Postoperative analgesia was provided in all patients by a concomitant prescription of acetaminophen and nonsteroidal anti-inflammatory drugs.
The cost of anesthesia consumables was 60 euros for the ropivacaine group versus 15 euros for the lidocaine group.
Patient satisfaction was assessed through a satisfaction score specific to our department which was rated from 0 to 10 and divided into 4 items: Score 10: very satisfied, Score 7 - 9: satisfied, Score 5 - 6: moderately satisfied, Score < 5: dissatisfied.
Data were collected on a pre-established survey form including questionnaires that were completed pre-operatively, intraoperatively and postoperatively. For each patient, the following parameters were evaluated: onset time, duration of block action, block efficiency, duration of the operation, patient satisfaction. The onset time was defined as the time required to obtain the sensory block after injecting the local anesthetic on all nerves. The duration of block action was defined as the time elapsed from the onset of the sensory block to its removal, and was evaluated post-operatively in this study.
Qualitative data were described as proportions and quantitative data as mean ± standard deviation and median with interquartile ranges. The Chi-square or Fisher’s Exact test was used to compare proportions, as appropriate. For continuous variables, the Student’s test was used to compare means. The significance threshold was set at 5% and a value of p < 0.05 was considered significant. The data were analyzed using SPSS version 21 software (SPSS Inc, Chicago, Illinois).
The mean age of patients in the lidocaine-adrenaline group was 45.8 ± 16.9 years and 43.9 ± 20 years in the ropivacaine group (p = 0.77). Male sex was predominant in both groups with a sex ratio of 5.3 in the lidocaine-adrenaline group and 3.7 in the ropivacaine group (p = 0.6). The majority of patients in both groups were ASA I (p = 0.66) (Table 1). The mean block completion time was 7.5 ± 1.9 minutes in the adrenaline lidocaine group and 8.7 ± 2.1 minutes in the ropivacaine group (P = 0.07). The mean block onset time was 6.8 ± 2 minutes in the lidocaine-adrenaline group versus 8.3 ± 2.4 minutes in the ropivacaine group (P = 0.04) (Table 2). The mean duration of the block was 233.3 ± 57.5 minutes in the lidocaine-adrenaline group and 260.4 ± 74.8 minutes in the ropivacaine group (p = 0.21) (Table 3). The mean duration of intervention was 73 ± 10 minutes in the lidocaine-adrenaline group and 84.5 ± 51.3 minutes in the ropivacaine group (p = 0.34). The block efficacy was identical in both groups with 89.5% of the effective blocks in the lidocaine-adrenaline group and in the ropivacaine group (p = 1.00). In the series, 4 patients had additional sedation and no patients received general anesthesia (Table 4). The majority of patients in both groups were very satisfied with rates of 73.7% in the lidocaine-adrenaline group and 94.7% in the ropivacaine group (p = 0.55). The cost of anesthesia consumables was 60 euros for the ropivacaine group versus 15 euros for the lidocaine-adrenaline group.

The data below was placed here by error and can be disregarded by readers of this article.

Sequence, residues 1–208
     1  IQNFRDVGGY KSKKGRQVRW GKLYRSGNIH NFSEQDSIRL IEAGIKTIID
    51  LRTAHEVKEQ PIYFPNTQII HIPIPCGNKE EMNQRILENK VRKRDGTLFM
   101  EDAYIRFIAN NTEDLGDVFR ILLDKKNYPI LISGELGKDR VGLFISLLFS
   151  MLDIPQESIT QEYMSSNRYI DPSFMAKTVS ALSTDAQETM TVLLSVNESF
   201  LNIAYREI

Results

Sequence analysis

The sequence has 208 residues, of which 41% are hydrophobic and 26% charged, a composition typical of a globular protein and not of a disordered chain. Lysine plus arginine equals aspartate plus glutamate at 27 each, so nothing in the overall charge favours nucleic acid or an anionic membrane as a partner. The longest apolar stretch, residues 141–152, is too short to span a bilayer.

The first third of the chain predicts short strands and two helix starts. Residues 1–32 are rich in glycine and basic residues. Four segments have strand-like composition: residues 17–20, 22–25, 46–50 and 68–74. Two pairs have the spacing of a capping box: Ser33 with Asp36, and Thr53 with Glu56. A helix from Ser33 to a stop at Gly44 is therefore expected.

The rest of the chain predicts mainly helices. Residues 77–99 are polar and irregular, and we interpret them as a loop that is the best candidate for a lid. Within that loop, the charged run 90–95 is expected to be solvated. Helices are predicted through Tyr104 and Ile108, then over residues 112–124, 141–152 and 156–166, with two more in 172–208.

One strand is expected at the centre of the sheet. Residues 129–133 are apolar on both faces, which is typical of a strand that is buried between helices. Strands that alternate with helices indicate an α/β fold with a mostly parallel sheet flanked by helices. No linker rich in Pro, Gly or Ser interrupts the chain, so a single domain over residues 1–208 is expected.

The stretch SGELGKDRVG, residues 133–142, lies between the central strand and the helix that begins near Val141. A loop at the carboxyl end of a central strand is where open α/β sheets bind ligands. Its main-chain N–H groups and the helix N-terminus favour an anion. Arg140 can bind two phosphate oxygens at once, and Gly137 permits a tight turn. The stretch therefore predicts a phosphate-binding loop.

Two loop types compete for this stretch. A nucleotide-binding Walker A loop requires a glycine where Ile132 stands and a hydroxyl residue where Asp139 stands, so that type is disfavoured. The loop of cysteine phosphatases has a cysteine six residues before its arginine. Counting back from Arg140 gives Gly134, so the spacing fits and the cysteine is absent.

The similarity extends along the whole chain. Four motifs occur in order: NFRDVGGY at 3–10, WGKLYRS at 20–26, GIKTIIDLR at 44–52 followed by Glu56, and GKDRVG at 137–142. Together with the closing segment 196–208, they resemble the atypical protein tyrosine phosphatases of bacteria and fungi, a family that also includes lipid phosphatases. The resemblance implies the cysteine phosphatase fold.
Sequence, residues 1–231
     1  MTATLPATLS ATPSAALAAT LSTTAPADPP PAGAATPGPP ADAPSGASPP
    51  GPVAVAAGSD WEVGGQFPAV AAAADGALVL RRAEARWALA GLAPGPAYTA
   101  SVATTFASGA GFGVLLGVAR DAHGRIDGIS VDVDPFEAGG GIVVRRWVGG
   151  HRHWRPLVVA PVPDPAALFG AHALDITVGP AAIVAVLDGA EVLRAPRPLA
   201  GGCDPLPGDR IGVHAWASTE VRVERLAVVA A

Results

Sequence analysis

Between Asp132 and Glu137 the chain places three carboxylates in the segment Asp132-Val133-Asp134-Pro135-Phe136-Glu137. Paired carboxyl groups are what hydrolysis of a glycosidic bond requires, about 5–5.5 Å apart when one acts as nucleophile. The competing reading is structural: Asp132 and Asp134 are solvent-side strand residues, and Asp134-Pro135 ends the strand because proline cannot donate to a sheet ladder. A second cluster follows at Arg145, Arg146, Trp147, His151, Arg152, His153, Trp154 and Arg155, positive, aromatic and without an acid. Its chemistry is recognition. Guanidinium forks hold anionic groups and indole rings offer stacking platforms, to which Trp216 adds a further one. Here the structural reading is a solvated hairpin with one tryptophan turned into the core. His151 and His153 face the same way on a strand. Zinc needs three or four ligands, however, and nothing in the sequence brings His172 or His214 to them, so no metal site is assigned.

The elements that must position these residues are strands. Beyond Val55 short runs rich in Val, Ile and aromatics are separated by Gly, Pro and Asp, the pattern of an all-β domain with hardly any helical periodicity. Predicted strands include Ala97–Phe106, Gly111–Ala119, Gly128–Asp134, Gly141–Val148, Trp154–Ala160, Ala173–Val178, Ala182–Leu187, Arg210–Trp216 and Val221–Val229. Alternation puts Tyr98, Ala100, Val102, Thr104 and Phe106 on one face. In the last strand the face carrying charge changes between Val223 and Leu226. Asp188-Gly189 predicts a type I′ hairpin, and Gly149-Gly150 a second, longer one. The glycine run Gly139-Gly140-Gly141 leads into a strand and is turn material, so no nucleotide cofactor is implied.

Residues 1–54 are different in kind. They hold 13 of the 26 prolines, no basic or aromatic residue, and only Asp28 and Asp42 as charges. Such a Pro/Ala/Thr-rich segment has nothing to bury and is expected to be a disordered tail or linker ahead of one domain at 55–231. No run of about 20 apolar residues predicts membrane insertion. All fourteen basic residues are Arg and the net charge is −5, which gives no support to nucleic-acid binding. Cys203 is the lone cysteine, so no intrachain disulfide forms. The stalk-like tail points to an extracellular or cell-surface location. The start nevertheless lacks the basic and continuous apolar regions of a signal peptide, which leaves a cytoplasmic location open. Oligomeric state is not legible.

Table 1. Characteristics of patients in different groups.
Table 2. Distribution of patients according to the block onset time.
Table 3. Distribution of patients according to the duration of the block.
Table 4. Distribution of patients according to block efficiency.